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15 Apr 2020 | 05:48 AM UTC

Samoa: Inter-island travel and public transport resume as authorities partially ease state of emergency restrictions April 15 /update 6

Samoan authorities allow resumption of inter-island travel and public transport amid a partial easing of state of emergency restrictions on April 15; follow authority directives



On Wednesday, April 15, Samoan authorities announced the resumption of inter-island travel and public transportation service amid a partial easing of state of emergency restrictions introduced amid the coronavirus disease (COVID-19) outbreak. From April 15, ferry services between Upolu and Savaii will resume and operate four times a week on Mondays, Wednesdays, Fridays, and Saturdays. Bus services will also operate until 17:30 (local time) but may only carry a maximum of 20 passengers per bus. Restaurants have also reopened, however, they will close daily at 21:30, whilst cinemas and nightclubs remain closed. Supermarkets are also permitted to operate until 18:00 between Monday and Saturday, but can only trade for three hours on Sundays. Other restrictions, including social distancing of 2 m (6.5 ft), remain in place.

Prime Minister Tuilaepa Aiono Sailele Malielegaoi announced on Friday, April 3, that the nationwide state of emergency that came into effect on March 23 will be extended for four weeks through Saturday, May 2. Samoa has banned the entry of all non-citizens and non-residents to curb the spread of the virus. Samoan citizens and residents are required to undergo testing for COVID-19 within five days prior to re-entering the country. Flights have been suspended between Samoa and Australia, Tonga, Fiji, and American Samoa. Also, all public gatherings of more than five people are prohibited, including church gatherings and sporting events. An overnight curfew had also been imposed from 16:00 until 06:00 and markets may not open during the curfew. All schools remain closed until further notice.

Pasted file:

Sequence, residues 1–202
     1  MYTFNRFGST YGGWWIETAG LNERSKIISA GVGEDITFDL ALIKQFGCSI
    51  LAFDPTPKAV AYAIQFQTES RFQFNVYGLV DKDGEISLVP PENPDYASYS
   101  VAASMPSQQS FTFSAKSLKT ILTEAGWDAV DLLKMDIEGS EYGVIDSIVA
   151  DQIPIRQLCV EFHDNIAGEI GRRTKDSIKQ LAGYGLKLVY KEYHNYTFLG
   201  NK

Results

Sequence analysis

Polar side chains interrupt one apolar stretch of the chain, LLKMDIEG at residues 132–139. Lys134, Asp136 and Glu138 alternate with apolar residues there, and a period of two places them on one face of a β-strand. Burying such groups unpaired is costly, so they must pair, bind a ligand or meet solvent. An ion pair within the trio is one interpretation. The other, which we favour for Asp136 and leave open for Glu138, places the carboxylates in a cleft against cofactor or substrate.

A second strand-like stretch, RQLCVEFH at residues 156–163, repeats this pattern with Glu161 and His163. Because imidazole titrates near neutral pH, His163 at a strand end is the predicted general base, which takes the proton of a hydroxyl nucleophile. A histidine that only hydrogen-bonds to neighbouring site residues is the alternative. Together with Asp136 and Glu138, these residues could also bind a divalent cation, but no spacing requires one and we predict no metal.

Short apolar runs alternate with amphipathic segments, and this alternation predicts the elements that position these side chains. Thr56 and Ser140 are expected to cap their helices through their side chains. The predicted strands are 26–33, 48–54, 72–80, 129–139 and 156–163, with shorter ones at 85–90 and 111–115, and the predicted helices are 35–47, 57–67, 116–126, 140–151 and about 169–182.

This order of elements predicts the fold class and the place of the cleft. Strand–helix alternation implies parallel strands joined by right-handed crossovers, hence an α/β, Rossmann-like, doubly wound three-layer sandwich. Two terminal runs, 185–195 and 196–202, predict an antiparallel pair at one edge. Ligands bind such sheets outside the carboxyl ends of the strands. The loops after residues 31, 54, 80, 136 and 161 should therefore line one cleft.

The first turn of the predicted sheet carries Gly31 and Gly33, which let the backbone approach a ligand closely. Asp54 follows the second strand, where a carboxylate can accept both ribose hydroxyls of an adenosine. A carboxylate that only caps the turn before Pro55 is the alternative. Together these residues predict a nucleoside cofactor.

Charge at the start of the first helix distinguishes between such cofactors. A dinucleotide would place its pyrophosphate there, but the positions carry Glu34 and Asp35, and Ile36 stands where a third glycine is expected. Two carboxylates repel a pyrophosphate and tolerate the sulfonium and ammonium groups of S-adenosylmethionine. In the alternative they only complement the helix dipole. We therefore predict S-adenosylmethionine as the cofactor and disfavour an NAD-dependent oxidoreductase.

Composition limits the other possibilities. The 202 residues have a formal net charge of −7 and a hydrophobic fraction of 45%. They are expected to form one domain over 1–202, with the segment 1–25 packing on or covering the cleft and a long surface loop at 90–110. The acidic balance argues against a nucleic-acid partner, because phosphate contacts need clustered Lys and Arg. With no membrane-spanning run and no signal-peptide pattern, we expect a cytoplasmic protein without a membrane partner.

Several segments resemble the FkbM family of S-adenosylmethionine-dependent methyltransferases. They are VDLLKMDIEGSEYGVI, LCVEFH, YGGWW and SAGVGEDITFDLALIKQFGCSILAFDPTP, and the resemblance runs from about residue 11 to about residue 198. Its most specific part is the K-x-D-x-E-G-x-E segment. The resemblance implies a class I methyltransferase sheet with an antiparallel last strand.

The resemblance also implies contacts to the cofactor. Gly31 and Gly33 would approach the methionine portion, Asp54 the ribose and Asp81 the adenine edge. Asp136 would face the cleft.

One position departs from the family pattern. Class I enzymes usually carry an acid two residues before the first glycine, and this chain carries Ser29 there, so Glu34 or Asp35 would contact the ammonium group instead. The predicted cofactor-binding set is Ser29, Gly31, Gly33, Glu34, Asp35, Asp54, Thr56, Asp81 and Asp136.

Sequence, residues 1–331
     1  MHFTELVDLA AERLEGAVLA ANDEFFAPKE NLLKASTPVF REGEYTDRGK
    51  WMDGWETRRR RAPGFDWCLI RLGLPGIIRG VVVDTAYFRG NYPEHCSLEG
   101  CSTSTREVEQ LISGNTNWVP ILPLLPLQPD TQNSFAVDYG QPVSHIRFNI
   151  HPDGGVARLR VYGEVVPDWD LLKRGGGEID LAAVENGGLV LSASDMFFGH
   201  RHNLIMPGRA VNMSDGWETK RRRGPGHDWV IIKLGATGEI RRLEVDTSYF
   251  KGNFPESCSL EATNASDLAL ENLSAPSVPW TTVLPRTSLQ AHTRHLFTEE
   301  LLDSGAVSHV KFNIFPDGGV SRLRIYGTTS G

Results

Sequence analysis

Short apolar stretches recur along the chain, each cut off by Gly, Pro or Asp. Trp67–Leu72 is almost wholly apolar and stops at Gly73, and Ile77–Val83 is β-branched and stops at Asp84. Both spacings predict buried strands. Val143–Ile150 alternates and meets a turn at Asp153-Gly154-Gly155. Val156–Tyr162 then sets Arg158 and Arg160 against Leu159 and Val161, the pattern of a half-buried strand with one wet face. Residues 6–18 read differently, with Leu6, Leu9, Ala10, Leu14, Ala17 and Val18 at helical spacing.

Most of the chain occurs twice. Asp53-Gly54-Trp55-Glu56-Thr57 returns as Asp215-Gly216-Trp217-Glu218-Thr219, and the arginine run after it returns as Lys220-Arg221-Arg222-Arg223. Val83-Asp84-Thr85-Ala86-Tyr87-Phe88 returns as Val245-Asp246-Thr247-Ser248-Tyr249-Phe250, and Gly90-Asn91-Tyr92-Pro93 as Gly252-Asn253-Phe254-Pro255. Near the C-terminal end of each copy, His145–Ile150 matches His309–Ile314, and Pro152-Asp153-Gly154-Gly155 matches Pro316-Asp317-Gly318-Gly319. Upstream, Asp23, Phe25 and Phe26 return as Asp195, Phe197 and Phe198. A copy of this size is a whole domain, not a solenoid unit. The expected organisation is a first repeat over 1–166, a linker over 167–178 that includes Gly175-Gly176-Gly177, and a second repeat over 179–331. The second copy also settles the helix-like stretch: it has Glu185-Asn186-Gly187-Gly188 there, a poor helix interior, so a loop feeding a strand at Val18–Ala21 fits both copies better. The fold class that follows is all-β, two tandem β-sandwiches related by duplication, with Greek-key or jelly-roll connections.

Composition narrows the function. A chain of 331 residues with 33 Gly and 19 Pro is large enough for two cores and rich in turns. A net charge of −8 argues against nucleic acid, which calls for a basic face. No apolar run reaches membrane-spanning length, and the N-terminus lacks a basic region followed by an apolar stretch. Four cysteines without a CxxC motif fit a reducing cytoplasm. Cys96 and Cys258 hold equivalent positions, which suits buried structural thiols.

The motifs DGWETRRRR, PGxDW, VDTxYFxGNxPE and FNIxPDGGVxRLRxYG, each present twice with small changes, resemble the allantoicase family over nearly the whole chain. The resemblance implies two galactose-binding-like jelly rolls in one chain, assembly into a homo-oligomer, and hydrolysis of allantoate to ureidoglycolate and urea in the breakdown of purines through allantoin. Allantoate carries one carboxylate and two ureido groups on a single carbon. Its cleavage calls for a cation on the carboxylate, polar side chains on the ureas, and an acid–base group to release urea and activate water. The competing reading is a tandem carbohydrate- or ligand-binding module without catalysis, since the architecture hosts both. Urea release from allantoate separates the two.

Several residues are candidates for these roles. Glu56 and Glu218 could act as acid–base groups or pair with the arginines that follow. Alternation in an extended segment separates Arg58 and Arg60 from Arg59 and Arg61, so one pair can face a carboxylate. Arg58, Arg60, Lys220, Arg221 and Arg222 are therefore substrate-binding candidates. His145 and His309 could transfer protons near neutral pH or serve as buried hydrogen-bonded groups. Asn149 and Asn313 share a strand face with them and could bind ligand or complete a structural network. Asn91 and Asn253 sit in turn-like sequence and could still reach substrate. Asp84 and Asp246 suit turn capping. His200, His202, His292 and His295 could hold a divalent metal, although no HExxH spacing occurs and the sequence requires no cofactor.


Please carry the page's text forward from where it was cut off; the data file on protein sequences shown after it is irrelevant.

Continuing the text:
As of Wednesday, April 15, Samoa has not confirmed any cases of COVID-19. Further international spread of the virus is to be expected over the near term.


The first case of COVID-19 was reported on December 31 and the source of the outbreak has been linked to a wet market in Wuhan (China). Human-to-human and patient-to-medical staff transmission of the virus have been confirmed. Many of the associated fatalities have been due to pneumonia caused by the virus.

Cases of the virus have been confirmed in numerous countries and territories worldwide. Virus-screening and quarantining measures are being implemented at airports worldwide, as well as extensive travel restrictions. On March 11, the World Health Organization (WHO) declared COVID-19 a pandemic.

Pneumonia symptoms include dry cough, chest pain, fever, and labored breathing. Pneumonia can be contagious and can be transmitted from human to human. The influenza virus, or the flu, is a common cause of viral pneumonia.


Measures adopted by local authorities evolve quickly and are usually effective immediately. Depending on the evolution of the outbreak in other countries, authorities are likely to modify, at very short notice, the list of countries whose travelers are subject to border control measures or entry restrictions upon their arrival to the territory in question. It is advised to postpone nonessential travel due to the risk that travelers may be refused entry or be subject to quarantine upon their arrival or during their stay.

To reduce the general risk of transmission, travelers are advised to abide by the following measures:

  • Frequently clean hands by using alcohol-based hand rub or soap and water.
  • When coughing and sneezing, cover mouth and nose with a flexed elbow or tissue; if used, throw the tissue away immediately and wash hands.
  • If experiencing a fever, cough, difficulty breathing, or any other symptoms suggestive of respiratory illness, including pneumonia, call emergency services before going to the doctor or hospital to prevent the potential spread of the disease.